The Caribbean Tourism Organization (CTO) has released complete 2013 Visitor Arrival data for most Caribbean destinations. Brian Samuel looks at winners and losers.
For us number-crunchers, the performance of the tourism industry is measured by several widely accepted indicators: stay-over visitor arrivals, cruise ship arrivals, average length of stay; occupancy and room rates, average spend and visitor satisfaction — to name but a few.
The only reliable data we have for 2013 so far has just been published by the Caribbean Tourism Organization (CTO) — visitor arrivals. For analysts of the Caribbean tourism industry, the CTO’s annual Visitor Arrival Statistics are an invaluable source of hard data on the performance of the Region as a whole, and its constituent parts.
The Crowded Caribbean?
Before looking at the numbers, I want to answer the question: Which are the most overcrowded Caribbean islands? You often hear travel agents gushing about so-called unspoilt destinations, hidden gems that exist in a state of purity before the hordes of tourists discover the place — and ruin it.
So I compared the average number of tourists in a country at any given time with the number of residents; to determine which are the most overcrowded Caribbean destinations — and the most “unspoilt”. As you would expect; it is the small islands with big tourist industries that are the most overcrowded. But what you might not expect is exactly how crowded they are.
If spoilage of a country is defined by the amount of tourists in it, then Haiti is the most unspoilt destination in the Caribbean. With a resident population of over 10 million, on any given day only 0.1% of all people physically present in Haiti will be visitors — there’s hardly a foreign face in the place.
Compare this to Saint Maarten; where on any given day fully one half the people on the island (46.5%) will be visitors, whether from hotels or cruise ships. When several cruise ships are in town simultaneously, you literally cannot walk on the pavement — the place is crawling with tourists! The Virgin Islands, Turks & Caicos and Cayman Islands are also similarly crowded. On the other hand, with a population base of 2.7 million, Jamaica has a “tourist factor” of only 2%.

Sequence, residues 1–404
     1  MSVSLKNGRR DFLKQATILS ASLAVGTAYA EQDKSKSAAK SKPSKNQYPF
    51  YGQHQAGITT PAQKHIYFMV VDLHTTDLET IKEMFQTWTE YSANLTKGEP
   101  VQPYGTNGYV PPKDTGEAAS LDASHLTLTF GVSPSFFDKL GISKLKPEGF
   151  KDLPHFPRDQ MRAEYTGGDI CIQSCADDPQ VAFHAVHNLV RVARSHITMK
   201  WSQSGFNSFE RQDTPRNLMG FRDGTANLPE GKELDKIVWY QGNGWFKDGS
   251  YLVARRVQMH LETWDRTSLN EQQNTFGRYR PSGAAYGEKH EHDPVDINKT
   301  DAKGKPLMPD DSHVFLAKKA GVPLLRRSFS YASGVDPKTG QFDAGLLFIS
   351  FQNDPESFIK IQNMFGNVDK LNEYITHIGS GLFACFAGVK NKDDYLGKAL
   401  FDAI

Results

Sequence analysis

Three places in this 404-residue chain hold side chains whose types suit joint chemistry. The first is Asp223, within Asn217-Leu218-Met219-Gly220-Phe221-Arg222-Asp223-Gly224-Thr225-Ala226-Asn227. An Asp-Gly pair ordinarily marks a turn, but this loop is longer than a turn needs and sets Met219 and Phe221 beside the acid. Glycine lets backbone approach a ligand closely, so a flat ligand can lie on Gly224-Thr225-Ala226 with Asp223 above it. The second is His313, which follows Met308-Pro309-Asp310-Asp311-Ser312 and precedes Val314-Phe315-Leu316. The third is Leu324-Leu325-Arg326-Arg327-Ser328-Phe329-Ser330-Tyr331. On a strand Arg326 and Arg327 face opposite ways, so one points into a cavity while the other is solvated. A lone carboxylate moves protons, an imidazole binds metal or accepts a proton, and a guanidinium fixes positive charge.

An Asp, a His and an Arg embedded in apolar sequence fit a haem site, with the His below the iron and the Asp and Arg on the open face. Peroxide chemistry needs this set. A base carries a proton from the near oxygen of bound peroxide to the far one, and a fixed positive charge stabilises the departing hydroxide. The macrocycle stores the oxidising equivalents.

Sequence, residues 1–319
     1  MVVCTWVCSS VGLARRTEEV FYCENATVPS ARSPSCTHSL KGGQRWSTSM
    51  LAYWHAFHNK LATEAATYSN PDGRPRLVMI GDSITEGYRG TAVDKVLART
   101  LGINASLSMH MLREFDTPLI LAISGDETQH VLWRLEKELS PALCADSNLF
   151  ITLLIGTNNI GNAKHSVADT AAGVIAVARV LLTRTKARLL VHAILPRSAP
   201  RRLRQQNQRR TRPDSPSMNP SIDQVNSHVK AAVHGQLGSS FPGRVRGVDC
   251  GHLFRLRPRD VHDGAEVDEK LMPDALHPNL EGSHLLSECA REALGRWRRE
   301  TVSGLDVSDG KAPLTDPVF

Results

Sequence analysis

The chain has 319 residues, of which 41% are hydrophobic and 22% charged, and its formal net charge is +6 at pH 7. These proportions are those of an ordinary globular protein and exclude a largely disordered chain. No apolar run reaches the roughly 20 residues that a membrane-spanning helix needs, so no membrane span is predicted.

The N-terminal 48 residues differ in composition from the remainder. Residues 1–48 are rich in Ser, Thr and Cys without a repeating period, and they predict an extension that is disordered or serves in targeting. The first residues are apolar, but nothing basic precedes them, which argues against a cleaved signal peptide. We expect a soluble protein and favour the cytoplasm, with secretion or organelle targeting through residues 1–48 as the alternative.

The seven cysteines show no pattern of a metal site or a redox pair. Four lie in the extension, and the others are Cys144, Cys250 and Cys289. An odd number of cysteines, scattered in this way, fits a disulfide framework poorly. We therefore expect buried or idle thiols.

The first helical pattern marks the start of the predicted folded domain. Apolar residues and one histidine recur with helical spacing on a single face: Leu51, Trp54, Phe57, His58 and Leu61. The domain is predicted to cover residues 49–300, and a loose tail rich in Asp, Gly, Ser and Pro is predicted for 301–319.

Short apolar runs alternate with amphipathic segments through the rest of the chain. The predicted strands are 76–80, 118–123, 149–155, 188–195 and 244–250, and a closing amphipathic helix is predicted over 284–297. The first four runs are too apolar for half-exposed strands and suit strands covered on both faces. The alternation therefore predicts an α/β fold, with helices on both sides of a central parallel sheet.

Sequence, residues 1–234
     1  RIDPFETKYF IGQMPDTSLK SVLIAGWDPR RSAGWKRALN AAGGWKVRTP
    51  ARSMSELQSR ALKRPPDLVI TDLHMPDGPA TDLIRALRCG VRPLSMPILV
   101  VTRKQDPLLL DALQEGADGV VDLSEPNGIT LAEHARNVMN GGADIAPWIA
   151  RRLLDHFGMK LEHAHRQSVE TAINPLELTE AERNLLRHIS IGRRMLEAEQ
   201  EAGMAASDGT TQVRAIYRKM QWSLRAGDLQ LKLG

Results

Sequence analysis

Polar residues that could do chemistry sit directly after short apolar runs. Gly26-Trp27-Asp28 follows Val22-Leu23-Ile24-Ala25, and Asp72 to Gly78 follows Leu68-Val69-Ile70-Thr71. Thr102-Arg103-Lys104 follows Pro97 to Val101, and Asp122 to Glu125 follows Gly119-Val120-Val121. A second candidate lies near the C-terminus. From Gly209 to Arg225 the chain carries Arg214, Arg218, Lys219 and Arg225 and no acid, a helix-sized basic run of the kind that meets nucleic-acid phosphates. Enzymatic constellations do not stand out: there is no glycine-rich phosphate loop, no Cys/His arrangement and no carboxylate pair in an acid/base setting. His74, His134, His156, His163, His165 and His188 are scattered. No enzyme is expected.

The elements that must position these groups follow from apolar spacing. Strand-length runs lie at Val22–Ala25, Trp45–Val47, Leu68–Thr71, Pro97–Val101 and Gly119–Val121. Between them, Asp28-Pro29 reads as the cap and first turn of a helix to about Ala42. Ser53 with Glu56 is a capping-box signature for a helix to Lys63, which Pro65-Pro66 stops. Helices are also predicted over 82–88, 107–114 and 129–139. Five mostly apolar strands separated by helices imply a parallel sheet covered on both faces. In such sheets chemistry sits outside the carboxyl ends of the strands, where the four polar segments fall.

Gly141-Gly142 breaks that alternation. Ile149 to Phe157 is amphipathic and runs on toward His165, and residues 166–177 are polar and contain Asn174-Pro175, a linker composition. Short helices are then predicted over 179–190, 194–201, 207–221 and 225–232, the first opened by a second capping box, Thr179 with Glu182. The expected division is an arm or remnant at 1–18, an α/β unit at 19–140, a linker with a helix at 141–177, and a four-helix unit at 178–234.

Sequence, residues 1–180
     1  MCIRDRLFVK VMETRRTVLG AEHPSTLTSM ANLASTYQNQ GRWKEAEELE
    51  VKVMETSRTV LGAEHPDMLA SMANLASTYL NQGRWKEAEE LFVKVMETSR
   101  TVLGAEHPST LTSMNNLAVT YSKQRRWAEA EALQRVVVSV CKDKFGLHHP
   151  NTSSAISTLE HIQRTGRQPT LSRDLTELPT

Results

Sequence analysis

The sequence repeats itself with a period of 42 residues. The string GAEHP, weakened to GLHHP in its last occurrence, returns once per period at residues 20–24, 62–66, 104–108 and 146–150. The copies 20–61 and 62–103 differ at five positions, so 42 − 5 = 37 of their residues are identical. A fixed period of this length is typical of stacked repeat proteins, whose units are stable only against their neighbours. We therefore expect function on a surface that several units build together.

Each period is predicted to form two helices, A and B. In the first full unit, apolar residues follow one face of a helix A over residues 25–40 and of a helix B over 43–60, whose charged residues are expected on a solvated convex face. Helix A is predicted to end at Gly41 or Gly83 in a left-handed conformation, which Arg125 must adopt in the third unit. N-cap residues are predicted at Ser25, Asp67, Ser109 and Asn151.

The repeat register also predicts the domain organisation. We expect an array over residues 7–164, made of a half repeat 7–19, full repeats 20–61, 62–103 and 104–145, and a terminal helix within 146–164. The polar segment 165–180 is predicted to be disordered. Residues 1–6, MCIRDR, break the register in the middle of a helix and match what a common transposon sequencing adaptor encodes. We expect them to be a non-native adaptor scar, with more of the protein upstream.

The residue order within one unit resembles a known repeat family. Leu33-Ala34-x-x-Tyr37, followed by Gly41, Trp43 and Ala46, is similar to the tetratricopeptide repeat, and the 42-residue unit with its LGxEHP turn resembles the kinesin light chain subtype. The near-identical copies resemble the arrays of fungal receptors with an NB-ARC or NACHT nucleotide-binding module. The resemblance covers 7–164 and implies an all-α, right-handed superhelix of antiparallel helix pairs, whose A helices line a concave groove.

Top Ten Most Overcrowded Caribbean Destinations:
|Island||Resident Population||Average Number of Tourists per Day||Tourists as % of Population|
|2||British Virgin Islands||27,800||10,751||38.7%|
|3||Turks & Caicos||31,458||7,706||24.5%|
|5||U S Virgin Islands||106,406||18,957||17.8%|
This information is more important that simply how to find the emptiest beaches. Just like resident populations, tourists are consumers of goods and services in the islands they temporarily inhabit. They demand fresh food, clean water, electricity, air conditioning, good roads — and sewage disposal. Do the planners of Caribbean infrastructure take this into account when forecasting future requirements? Judging by the poor state of our infrastructure services, it’s a valid question.
So, back to the numbers. First of all a matter of definition: who’s in, and who’s out? Call me a traditionalist but I don’t view Cozumel and Cancun as intrinsically Caribbean — they just happen to share the same Sea. If we include them then we might as well include all of Central America as well. There are some anomalies in CTO’s data: Trinidad and Tobago’s cruise ship arrivals are shown, but not stay-over visitors. Martinique is included; Guadeloupe is not.
I have augmented CTO’s data from other sources, resulting in a group of 30 “core Caribbean” destinations. A total of 19.7 million people visited these 30 Caribbean destinations in 2013; representing an average growth of 3.6% over 2012 arrivals. While this is a creditable achievement given the continued global recession, it is lower than the average Caribbean growth rate of 5.3% achieved in 2012.
The country reporting the highest growth rate was Montserrat with 36.3% — but this is from a very low base. Among the Caribbean’s larger tourism destinations, Aruba (8.3% growth), Cayman Islands (7.4%) and Dominican Republic (2.8%) are the top performers; Jamaica (1.1%) and Cuba (0.4%) held their own; while the Bahamas (-4.1%) and Barbados (-5.2%) were this year’s underachievers.
|11||Saint Kitts & Nevis||Jan–Dec||100,997||3.9%|
|13||Trinidad & Tobago||Jan–Dec||445,693||3.0%|
|18||British Virgin Islands||Jan–Dec||355,677||1.2%|
|24||Turks & Caicos Islands||Jan–Dec||290,587||-0.4%|